Work is changing, and so are we. The conditions are changing constantly, and more importantly, faster and faster. Lifelong learning is a prerequisite if we want to keep up, and we need to keep up longer because we are getting older and older and our careers are getting longer and longer, which means we are working longer.
That much is obvious. But if we work longer – i.e. we want to and should be productive at an older age – how can we maintain our ability to work? And what is important the important aspect – age-appropriate workplaces or ageING-appropriate workplaces? Is it enough to make work more convenient for the elderly or do we need to start at the beginning, with the young, so that they don’t become needy in old age?
“Employing older people will be an important part of ensuring the availability of skilled workers in the future.”
Peter Wollseifer, president of the German Confederation of Skilled Crafts
Let us first define the term “age-appropriate workplaces”. The Federal Ministry of Labour and Social Affairs wrote in its “Progress report: ‘Age-appropriate workplaces’: The goal is to maintain the ability and willingness to work in order to ensure that everyone can continue to work until they reach the standard retirement age.” According to the report, there are three main aspects to achieving this:
But what does that mean for age-appropriate workplaces in practice? How can companies shape their future during the age of demographic change? The ageing workforce concept provides some orientation. In general, the concept addresses the effects of company demographics and suggests practical measures to deal with it. The goal is to change the age distribution of the workforce so that companies can benefit from it. This means: age-appropriate models for work hours, the availability of the expertise and experience of older employees, specialist qualifications, and the lifelong development of skills. Because according to the basic concept of an ageing workforce, the main challenge that will be brought on by changes in society and the labour market is that the average age of employees is increasing, and qualified workers and young talents are hard to find. Therefore, we must maintain the ability of older employees to remain competitive and efficient, keep our current employees healthy and in the company as long as possible, and tap the full potential of all employees.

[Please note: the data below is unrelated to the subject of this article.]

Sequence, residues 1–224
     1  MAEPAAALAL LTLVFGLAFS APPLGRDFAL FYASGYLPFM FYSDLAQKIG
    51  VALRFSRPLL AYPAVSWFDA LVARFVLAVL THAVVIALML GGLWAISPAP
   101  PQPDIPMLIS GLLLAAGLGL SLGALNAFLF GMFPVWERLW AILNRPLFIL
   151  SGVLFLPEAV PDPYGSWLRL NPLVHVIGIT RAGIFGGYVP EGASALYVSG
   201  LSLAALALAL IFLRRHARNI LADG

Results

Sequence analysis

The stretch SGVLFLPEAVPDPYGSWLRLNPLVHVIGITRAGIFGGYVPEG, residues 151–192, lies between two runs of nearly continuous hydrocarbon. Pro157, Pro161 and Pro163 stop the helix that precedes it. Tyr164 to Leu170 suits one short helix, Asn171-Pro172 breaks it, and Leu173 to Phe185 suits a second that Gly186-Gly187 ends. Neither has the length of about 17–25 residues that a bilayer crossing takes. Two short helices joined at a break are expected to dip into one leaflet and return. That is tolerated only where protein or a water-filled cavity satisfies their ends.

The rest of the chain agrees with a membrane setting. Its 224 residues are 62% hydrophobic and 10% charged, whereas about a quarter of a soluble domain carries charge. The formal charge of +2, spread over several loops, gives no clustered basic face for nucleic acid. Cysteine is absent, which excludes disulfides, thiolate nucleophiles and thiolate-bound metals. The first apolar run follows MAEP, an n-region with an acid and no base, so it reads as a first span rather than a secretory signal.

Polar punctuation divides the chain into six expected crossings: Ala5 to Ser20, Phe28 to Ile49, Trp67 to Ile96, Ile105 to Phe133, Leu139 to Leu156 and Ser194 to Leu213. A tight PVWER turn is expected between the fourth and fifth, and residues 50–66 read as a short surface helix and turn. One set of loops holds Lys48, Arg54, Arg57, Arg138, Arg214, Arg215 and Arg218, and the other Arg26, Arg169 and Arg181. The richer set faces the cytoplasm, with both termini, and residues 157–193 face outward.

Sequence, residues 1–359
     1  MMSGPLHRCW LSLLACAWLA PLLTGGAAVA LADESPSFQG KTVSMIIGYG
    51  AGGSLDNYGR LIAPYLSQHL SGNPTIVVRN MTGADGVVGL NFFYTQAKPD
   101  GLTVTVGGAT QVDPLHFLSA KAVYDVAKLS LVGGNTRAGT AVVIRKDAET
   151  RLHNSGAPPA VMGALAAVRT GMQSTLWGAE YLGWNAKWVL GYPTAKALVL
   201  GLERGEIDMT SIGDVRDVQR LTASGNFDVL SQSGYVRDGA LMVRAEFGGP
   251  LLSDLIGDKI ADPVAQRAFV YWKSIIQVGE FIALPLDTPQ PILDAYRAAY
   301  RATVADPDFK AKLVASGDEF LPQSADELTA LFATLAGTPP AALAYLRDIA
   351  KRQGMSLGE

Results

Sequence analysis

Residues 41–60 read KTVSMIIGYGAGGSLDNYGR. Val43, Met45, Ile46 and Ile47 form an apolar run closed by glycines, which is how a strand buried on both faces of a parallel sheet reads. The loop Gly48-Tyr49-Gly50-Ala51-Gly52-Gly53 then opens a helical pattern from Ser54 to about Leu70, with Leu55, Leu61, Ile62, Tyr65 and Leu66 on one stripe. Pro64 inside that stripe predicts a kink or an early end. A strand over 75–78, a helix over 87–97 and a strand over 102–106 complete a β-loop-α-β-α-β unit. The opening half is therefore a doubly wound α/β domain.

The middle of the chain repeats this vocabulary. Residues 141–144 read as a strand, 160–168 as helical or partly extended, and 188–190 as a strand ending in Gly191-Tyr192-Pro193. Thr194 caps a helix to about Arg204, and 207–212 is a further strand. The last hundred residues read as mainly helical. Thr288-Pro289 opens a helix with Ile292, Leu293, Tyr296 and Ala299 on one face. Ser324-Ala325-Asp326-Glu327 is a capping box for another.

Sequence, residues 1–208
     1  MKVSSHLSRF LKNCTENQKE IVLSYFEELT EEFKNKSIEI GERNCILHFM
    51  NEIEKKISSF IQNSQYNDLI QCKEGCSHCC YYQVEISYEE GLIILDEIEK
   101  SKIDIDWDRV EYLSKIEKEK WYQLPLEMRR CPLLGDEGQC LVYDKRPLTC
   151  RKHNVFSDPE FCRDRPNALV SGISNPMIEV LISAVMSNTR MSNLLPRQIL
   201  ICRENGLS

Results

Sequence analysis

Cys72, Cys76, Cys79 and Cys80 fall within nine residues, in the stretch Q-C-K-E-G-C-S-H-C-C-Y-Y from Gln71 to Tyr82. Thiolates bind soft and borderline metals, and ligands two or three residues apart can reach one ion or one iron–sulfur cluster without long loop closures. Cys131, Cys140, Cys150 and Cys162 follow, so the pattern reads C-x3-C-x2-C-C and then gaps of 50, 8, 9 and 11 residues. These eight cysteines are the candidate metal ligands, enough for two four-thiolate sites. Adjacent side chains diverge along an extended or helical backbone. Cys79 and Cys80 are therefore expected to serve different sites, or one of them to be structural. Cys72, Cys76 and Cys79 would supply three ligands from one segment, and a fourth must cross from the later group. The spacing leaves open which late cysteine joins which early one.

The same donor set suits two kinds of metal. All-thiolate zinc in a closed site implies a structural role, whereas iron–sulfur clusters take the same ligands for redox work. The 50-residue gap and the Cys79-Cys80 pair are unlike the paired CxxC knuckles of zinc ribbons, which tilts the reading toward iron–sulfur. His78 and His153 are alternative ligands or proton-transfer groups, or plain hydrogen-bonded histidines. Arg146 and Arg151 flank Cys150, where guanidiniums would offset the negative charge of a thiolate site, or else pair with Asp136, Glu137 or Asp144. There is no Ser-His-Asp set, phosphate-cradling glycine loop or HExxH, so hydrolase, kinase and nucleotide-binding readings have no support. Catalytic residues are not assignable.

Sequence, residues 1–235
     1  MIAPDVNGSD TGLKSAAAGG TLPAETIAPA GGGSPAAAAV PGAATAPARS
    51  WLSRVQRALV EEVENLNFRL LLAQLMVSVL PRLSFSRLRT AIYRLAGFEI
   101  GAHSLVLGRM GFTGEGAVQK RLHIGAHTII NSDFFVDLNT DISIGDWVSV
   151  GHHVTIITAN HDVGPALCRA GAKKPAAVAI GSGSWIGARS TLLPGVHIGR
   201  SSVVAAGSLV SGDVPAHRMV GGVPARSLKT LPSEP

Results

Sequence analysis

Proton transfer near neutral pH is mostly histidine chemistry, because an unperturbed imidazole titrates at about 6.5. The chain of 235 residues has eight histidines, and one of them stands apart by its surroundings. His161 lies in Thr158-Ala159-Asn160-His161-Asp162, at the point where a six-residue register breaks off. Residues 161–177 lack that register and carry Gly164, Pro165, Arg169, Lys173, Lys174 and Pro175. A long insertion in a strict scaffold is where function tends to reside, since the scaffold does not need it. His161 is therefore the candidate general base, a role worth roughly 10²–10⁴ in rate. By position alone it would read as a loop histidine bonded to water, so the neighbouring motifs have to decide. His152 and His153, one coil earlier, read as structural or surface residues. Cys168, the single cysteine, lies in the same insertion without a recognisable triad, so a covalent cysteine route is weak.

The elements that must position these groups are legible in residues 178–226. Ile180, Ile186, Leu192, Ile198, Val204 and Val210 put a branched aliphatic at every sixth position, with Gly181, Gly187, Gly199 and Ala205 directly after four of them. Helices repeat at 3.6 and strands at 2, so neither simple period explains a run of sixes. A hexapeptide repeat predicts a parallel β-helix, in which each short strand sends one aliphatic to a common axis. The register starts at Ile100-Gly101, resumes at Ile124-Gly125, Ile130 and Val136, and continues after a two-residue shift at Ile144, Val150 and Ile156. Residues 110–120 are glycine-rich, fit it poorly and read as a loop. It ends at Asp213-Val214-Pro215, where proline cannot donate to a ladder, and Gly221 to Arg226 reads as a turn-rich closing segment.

So if we are talking about all (!) employees, then the decisive focus is not on age-appropriate but rather on ageing-appropriate workplaces. This also changes the questions we need to ask the HR and senior management of companies: How can we manage mixed-age teams while also doing justice to all generations? How can different generations be successfully supported and promoted? What are the specific aspects that need to be taken into consideration?
Ergonomics, of course, plays an important role for maintaining health at the workplace – no matter how old you are. Not only do different age groups have different physiological needs, they are also in different stages of life. In order to meet the ensuing demands, we need a variety of models for work hours and flexibility to organise the workplace. Generally speaking, people need freedom to be able to adapt to the constantly, and rapidly, changing work conditions and technologies in the age of digitisation. Lifelong learning is a prerequisite for being able to keep up. The rapid and often sudden developments in technology will also make new forms of learning necessary. It may even be necessary to develop different learning programmes for each generation.
How productive are the different generations in reality and what conditions can an employer provide in order to create a positive and effective work environment for everyone? What does the “ideal demographic company” look like? The challenges that companies are facing are huge, the answers are not easy to find, and the solutions are not always scalable. Scientific research is necessary and useful. Mixed-age teams and the suitable room for manoeuvre will play just as big a role as an appropriate distribution of tasks. We do not even need to mention that prejudice and age stereotypes about the old and the young are not at all acceptable. Instead, we need to promote the qualities of each generation. Including all generations is the order of the day.